Thoughts & Musings
I had a great time working with @thechestnuthillschool during National Poetry Month in April! I had a busy day full of writing workshops with 3rd graders, a school assembly performance for grades 1-6, and ended the day with a faculty workshop on the significance of our neighborhoods and how where we grow up shapes our identities.
The third grade workshops were so fun as I had the kiddos think about what would happen if their favorite foods could TALK! Lots of laughs were had, and what was beautiful is hearing students talk positively about eating food! No calorie talk. No guilt or shame talk. Body liberation work should start young, because our kiddos are receiving messages early in their lives on beauty standards and norms, gendered expectations, and body shape and size expectations.
Later that afternoon I worked with all employees at CHS in a creative workshop called, "The Places That Make Us." This workshop brought participants back to where they grew up as I asked folks to draw a representation of their childhood neighborhood. Then we wrote poems inspired by the maps they created. What really struck me was the power of creativity and vulnerability. When employees began sharing their maps and poems with each other the laughter, energy, happiness, and connection was palpable!
I am thankful to extraordinary librarian, Erin Piper for inviting me to work with her students and Chestnut Hill School!
On Monday, January 16th, Proctor Academy welcomed me into their community as a keynote on MLK Day. The theme, "Cultivating a Beloved Community" struck me, and I was inspired to share with these young people my own beloved community of Lawrence. Lawrence embodies the spirit of activism and protest. It is a city where I found my footing as a writer, artivist, and change agent.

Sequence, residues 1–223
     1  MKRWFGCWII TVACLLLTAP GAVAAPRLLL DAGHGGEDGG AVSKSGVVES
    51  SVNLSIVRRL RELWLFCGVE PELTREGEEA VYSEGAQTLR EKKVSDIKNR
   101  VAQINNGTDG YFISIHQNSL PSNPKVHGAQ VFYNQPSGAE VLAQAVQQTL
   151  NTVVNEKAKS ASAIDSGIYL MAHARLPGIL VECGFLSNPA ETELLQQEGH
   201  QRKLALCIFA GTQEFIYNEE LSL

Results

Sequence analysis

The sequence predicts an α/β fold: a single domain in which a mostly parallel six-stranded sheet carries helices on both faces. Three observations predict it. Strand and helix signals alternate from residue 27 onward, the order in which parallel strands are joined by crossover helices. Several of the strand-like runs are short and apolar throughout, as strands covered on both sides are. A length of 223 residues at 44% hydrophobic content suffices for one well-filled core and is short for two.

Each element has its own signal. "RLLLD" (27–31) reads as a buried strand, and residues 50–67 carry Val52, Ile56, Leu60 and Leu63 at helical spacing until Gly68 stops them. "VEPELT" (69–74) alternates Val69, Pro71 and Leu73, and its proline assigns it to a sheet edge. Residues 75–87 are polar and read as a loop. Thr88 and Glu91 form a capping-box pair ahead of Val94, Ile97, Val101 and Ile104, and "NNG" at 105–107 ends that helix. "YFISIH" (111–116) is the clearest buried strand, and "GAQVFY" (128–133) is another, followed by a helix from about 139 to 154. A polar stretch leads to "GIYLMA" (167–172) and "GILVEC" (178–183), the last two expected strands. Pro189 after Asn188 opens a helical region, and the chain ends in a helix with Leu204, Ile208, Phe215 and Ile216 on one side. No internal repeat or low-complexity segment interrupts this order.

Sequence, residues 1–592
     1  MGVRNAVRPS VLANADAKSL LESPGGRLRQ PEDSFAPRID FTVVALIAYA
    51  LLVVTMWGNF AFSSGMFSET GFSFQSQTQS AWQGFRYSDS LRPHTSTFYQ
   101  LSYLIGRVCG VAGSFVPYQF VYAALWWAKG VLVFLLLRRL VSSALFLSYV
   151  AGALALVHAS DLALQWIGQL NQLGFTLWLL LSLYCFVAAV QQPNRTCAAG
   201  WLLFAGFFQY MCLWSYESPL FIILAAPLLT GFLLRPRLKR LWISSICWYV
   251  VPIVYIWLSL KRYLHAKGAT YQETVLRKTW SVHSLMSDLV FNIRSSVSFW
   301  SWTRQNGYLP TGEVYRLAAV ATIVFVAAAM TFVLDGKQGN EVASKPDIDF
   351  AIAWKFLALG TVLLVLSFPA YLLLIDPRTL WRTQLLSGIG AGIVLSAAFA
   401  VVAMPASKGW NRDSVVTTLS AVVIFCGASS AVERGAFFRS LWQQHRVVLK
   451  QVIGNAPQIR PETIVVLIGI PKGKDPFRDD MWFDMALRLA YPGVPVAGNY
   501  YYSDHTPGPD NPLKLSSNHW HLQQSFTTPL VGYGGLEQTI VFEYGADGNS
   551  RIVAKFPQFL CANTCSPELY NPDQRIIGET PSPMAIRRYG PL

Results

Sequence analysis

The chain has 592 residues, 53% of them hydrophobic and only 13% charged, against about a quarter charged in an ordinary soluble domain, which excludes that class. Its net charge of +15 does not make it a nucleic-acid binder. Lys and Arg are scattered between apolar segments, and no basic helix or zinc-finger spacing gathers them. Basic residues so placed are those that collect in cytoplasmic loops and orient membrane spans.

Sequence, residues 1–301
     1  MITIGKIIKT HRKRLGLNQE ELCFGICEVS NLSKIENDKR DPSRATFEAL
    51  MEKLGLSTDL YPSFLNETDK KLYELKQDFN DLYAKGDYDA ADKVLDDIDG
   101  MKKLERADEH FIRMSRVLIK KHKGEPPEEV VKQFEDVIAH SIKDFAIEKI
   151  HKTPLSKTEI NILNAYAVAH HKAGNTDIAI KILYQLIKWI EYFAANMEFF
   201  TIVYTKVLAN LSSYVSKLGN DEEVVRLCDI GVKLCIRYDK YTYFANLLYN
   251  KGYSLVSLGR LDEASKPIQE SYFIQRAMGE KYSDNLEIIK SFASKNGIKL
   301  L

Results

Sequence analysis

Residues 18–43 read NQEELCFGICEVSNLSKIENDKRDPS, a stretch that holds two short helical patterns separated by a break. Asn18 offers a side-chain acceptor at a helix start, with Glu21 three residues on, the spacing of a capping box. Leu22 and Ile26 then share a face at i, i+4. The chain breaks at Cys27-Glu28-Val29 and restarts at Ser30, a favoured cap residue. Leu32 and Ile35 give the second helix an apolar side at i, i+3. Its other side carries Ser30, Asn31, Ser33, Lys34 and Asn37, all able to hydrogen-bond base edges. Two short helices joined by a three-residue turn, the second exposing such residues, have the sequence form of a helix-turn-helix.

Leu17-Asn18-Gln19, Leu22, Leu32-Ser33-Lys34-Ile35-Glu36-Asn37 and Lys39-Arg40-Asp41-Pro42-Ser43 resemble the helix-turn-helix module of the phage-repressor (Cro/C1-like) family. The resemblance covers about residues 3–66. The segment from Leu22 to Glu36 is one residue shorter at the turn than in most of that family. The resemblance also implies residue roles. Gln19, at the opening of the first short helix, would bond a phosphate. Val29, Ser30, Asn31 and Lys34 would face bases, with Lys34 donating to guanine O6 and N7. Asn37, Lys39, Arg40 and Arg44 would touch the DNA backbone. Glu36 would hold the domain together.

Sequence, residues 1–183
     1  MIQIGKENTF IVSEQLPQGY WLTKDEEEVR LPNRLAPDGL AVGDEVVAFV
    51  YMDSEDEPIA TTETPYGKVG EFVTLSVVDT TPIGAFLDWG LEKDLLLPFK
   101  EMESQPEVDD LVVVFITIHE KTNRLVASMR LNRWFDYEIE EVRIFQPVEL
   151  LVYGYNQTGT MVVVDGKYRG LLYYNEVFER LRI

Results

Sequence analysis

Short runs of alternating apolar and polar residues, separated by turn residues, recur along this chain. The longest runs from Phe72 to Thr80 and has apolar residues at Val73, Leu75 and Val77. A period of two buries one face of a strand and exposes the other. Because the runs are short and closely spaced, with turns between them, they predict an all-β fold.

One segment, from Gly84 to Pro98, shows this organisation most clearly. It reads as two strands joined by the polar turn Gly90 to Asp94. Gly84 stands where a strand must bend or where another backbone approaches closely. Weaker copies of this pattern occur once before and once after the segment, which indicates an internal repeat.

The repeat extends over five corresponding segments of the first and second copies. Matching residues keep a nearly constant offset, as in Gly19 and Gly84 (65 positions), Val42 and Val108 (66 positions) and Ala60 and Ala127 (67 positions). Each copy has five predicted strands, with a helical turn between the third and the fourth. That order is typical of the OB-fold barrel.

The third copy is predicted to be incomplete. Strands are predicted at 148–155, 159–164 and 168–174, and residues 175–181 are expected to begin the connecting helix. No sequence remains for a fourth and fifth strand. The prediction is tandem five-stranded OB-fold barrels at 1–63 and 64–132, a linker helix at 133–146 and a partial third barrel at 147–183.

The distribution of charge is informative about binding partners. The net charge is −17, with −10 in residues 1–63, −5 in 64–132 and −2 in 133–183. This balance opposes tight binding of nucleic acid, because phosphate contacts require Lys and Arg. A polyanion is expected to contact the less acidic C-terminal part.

In my poem, "This is the Year" one stanza really heightens my personal belief on change: "this is the year we can’t look away." In the last few years of my professional career, I met many who simply, looked away. Looked away from violence. Looked away from injustice. Looked away from the news. Looked away from their students. Looked away from any message that racism and white supremacy still pulses through the United States. The willfull ignorance of "looking away" is racist. The willful ignorance of "looking away" continues to thwart progress and change. Period.
BIPOC have never had the luxury of "looking away." Two years ago this month, the United States capitol was besieged by a barrage of rioters aiming to overthrow the results of the 2020 presidential election. I remember I was in my classroom with my 9th graders and we all had the news up on our respective screens. It was a grotesque scene of violence and white supremacy, masked as patriotism and civil disobedience. It was an aching reminder of why the work of equity, anti-racism, inclusion, and racial justice is paramount to changing the systemic violence people of color, and other marginalized and oppressed groups experience in the United States. It is an aching reminder of the work that still must be done to end white supremacy and its legacies. But we must ache and reckon. When we reckon with our history, we honor the legacy of Dr. King, and repudiate the notion that change is slow, impossible, or inefficient.
I hope my message can inspire students to become activists in their beloved community. To see how their voice can make lasting positive change in our world.